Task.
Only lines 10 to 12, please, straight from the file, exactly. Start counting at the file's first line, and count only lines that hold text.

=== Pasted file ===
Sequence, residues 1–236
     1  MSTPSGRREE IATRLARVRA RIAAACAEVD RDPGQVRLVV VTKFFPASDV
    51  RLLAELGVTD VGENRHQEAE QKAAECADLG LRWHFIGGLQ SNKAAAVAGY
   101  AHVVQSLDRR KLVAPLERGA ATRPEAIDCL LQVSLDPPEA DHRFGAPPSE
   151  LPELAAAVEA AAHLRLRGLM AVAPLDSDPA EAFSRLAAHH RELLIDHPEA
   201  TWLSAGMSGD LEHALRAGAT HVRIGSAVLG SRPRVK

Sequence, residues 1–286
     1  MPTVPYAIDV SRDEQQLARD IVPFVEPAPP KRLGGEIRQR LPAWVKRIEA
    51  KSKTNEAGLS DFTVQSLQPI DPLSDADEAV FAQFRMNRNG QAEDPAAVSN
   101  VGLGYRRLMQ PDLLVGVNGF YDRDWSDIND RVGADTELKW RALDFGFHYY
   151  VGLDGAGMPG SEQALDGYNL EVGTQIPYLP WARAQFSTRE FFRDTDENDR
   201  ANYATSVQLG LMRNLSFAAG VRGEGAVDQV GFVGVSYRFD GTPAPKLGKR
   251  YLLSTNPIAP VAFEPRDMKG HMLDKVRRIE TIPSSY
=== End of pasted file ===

   101  VGLGYRRLMQ PDLLVGVNGF YDRDWSDIND RVGADTELKW RALDFGFHYY
   151  VGLDGAGMPG SEQALDGYNL EVGTQIPYLP WARAQFSTRE FFRDTDENDR
   201  ANYATSVQLG LMRNLSFAAG VRGEGAVDQV GFVGVSYRFD GTPAPKLGKR